In every industry, companies have to work together to share information, transact business, resolve disputes, and solve a whole host of problems. However, many of the processes used to accomplish these activities are products of another era. Outdated systems are the rule rather than the exception.
For example, healthcare providers still rely on fax machines to share medical documents. Many international shipping and supply chain companies are still flying physical documents around the world to get signatures. Reps at car insurance companies still often need to call each other after every single crash.
In example after example, the level of digitization that most of us have come to expect is simply not there. The reason for this is that it’s very difficult to build multi-party systems that can be used and trusted by multiple companies within the same industry ecosystem.
For one, these companies are often competitors, so cooperation is already hard. Not only that, even if they did want to work together, their systems and databases are rarely compatible. Most importantly, how can a shared system be trusted when anyone can make edits (or deletions!) at any time?
This is where blockchain comes in. Blockchain provides an immutable, shared ledger, that can only be modified by group consensus. Trust isn’t an issue because smart contracts and consensus algorithms automate how data on the blockchain is added, deleted, or modified. Not only that, but blockchains are fully auditable. All transactions and data involved in the systems can be easily tracked, verified, stored, and secured.
Most importantly of all, blockchain-as-a-service makes it possible to create digital twins of real world assets, using both coins (fungible tokens) and NFTs (non-fungible tokens). Think of things like car deeds, house titles, marriage certificates, death certificates, or even diplomas.
Tokenization makes it possible to create a digital representation of these things on the blockchain, moving them off paper and into the digital realm. Once there, it becomes much easier to instrument and automate processes around them, eliminating paperwork, lawyers, and notaries and greatly improving efficiency.
These unique characteristics of blockchain make it possible to create multi-party systems in which different companies can work together and collaborate to share data and information in a standardized way.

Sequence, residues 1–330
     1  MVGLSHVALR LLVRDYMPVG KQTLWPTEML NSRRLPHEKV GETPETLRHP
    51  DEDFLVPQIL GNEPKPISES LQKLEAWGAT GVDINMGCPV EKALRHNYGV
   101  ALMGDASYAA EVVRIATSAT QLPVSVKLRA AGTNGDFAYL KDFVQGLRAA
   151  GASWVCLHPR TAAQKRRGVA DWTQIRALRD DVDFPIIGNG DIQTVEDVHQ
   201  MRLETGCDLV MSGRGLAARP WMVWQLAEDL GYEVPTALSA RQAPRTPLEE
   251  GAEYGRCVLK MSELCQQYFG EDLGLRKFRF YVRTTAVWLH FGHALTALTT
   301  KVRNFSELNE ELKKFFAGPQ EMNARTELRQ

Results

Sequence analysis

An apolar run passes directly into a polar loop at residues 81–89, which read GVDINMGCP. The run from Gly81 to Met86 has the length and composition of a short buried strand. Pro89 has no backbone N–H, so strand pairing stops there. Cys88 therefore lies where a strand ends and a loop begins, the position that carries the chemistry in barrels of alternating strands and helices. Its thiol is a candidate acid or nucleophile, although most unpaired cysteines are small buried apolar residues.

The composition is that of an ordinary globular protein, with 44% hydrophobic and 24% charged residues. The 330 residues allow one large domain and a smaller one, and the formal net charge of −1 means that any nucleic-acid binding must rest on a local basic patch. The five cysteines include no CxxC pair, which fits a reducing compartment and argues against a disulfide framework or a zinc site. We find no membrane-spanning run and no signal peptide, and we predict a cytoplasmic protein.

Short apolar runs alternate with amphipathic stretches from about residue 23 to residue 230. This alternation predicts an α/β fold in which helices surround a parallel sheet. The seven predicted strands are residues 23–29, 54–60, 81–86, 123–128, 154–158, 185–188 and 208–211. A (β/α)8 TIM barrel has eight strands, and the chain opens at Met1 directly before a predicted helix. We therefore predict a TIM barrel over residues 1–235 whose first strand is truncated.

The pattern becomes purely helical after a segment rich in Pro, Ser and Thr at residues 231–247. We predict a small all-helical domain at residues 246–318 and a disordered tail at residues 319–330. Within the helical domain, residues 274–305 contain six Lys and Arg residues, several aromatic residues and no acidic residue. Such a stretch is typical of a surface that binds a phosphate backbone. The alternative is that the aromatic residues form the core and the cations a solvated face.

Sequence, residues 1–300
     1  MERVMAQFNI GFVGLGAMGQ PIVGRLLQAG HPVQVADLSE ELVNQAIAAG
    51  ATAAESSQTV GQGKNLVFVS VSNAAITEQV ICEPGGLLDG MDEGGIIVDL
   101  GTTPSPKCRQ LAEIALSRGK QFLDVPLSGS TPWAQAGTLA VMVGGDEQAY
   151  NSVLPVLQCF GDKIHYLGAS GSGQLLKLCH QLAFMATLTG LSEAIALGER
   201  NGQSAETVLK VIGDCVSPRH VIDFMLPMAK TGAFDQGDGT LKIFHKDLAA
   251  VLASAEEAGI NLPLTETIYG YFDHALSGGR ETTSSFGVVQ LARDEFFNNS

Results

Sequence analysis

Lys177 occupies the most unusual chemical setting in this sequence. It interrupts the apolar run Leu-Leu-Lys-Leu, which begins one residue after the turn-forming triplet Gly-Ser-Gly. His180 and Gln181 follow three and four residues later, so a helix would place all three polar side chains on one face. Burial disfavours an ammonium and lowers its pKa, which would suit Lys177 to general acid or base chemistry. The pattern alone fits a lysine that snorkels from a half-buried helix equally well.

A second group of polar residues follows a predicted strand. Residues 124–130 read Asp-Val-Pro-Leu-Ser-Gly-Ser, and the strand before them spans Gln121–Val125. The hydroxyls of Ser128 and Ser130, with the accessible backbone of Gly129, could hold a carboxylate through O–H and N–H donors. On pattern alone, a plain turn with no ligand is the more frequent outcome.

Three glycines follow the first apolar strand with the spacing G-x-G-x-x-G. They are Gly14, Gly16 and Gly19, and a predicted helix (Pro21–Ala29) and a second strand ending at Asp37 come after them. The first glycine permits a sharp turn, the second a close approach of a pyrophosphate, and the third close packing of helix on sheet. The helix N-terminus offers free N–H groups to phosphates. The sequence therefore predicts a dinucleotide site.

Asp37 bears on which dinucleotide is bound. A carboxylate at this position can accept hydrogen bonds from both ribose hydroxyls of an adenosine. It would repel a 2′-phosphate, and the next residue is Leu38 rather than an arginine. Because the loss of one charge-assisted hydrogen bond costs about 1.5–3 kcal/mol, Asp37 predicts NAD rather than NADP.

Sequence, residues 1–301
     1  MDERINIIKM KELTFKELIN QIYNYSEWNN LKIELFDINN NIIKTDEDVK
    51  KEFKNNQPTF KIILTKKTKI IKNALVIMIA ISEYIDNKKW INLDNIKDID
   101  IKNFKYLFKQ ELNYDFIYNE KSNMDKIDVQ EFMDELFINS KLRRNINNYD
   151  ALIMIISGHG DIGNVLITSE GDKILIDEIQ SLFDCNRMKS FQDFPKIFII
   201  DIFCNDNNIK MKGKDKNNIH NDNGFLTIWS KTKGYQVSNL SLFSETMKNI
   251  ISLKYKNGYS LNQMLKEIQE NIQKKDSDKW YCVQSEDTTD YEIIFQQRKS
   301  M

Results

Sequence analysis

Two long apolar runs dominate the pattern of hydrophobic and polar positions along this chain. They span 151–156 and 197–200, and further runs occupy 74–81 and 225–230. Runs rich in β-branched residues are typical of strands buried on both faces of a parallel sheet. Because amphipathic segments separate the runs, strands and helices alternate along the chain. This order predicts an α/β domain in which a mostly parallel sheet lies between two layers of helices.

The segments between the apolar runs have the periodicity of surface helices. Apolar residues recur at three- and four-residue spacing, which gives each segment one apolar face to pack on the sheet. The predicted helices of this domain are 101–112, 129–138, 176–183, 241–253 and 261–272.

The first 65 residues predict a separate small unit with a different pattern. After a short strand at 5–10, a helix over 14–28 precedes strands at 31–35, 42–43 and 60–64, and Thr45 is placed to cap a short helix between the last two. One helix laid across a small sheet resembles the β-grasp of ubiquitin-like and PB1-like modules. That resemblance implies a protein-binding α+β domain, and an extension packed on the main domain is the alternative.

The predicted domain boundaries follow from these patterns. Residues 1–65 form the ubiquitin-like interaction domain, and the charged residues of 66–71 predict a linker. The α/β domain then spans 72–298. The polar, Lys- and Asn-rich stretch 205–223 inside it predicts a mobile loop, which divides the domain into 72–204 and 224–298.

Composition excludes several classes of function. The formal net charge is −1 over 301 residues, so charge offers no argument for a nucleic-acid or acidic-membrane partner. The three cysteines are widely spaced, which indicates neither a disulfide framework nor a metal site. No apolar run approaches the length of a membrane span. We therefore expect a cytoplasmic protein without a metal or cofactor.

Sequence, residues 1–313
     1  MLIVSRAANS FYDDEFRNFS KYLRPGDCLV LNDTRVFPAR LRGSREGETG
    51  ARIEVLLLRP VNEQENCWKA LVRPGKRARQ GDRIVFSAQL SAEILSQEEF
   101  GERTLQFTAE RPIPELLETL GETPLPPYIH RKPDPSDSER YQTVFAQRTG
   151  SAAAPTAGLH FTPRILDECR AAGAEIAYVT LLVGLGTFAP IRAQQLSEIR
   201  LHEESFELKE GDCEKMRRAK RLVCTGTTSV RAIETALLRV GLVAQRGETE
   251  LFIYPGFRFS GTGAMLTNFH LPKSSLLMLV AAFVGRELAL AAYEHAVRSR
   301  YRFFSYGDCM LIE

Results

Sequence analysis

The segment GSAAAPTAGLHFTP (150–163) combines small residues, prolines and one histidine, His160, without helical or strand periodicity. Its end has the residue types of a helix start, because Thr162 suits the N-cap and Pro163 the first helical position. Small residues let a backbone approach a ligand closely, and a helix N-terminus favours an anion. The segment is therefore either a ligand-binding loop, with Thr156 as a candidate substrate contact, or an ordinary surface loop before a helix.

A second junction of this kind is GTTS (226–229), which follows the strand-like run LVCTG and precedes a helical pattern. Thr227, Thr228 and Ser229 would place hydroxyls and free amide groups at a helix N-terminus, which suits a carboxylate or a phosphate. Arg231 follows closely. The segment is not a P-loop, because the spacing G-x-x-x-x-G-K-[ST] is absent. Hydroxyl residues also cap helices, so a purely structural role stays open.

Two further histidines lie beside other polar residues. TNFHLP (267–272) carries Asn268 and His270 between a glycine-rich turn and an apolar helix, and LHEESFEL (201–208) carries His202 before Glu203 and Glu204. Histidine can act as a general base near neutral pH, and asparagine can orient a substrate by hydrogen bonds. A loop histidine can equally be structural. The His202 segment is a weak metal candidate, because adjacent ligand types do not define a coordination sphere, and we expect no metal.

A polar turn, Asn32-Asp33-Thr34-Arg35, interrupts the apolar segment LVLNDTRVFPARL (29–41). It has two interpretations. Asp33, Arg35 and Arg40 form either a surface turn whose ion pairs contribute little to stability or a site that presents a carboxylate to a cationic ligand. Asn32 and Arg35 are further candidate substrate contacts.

Multi-party systems based on blockchain technology solve many problems that are currently preventing companies from digitizing their back office processes, including:
In other words, multi-party systems make it easy for different parties to collect, store, and safely transmit data throughout the system securely and efficiently. For companies who regularly have to share data with one another or who need an effective, standardized data infrastructure to work together effectively, multi-party systems are ideal.
There are many multi-party systems that are already being used to great effect throughout the world. Here are some examples of multi-party systems that are thriving currently:
The Institutes RiskStream Collaborative - a large multi-party system operating in the risk management and insurance industry that runs on Canopy, a custom blockchain architecture. This multi-party system helps across a number of use cases in the Property and Casualty and Life and Annuities spaces. For example, it’s Mortality Monitor solution helps to provide a single source of truth for processing death benefits and claims, reducing the burden on beneficiaries by decreasing the number of claims they have to submit to individual insurance providers.
Synaptic Health Alliance - a coalition of US healthcare leaders (including Humana, Multiplan, UnitedHealth, Southwestern Health Resources, and more) leveraged Hyperledger FireFly to create a blockchain-based decentralized Provider Data Directory. This directory tackles the challenge of providing access to care via accurate provider data.
Building a multi-party system with blockchain technology can be incredibly beneficial for companies that need single points of truth, increased security, increased efficiency, and reduced human error. The best way for organizations to build a multi-party system on blockchain is with Hyperledger FireFly, one of Hyperledger Foundation’s newest and fastest growing projects.
Hyperledger FireFly makes it easy for blockchain consortia to build:
All of these things are necessary to run a multi-party system on a blockchain that serves all members of the consortium.
However, many consortia that set out to build multi-party systems end up getting stuck on the plumbing layers, where they struggle to get into production with mounting expenses and time delays. Hyperledger FireFly simplifies these aspects of development, making it possible to get into production much quicker and more cheaply.
All of this is provided on a powerful, flexible platform with a full suite of APIs that make it easy for developers to build applications on public or private blockchains using their existing development skill-set.
Not only that, but FireFly is fully pluggable, allowing the underlying infrastructure components like the database, blob store, messaging technology, and the blockchain itself to be swapped out. All of this adds up to a platform that enables developers to build blockchain apps up to 100x faster by allowing them to focus on business logic instead of infrastructure.
Ready to build your own multi-party system on blockchain? Hyperledger FireFly is included in Kaleido’s free starter plan, so sign up for a free trial today or reach out to our team for a consultation!
Kaleido is your easy button for developing next era blockchain based business applications.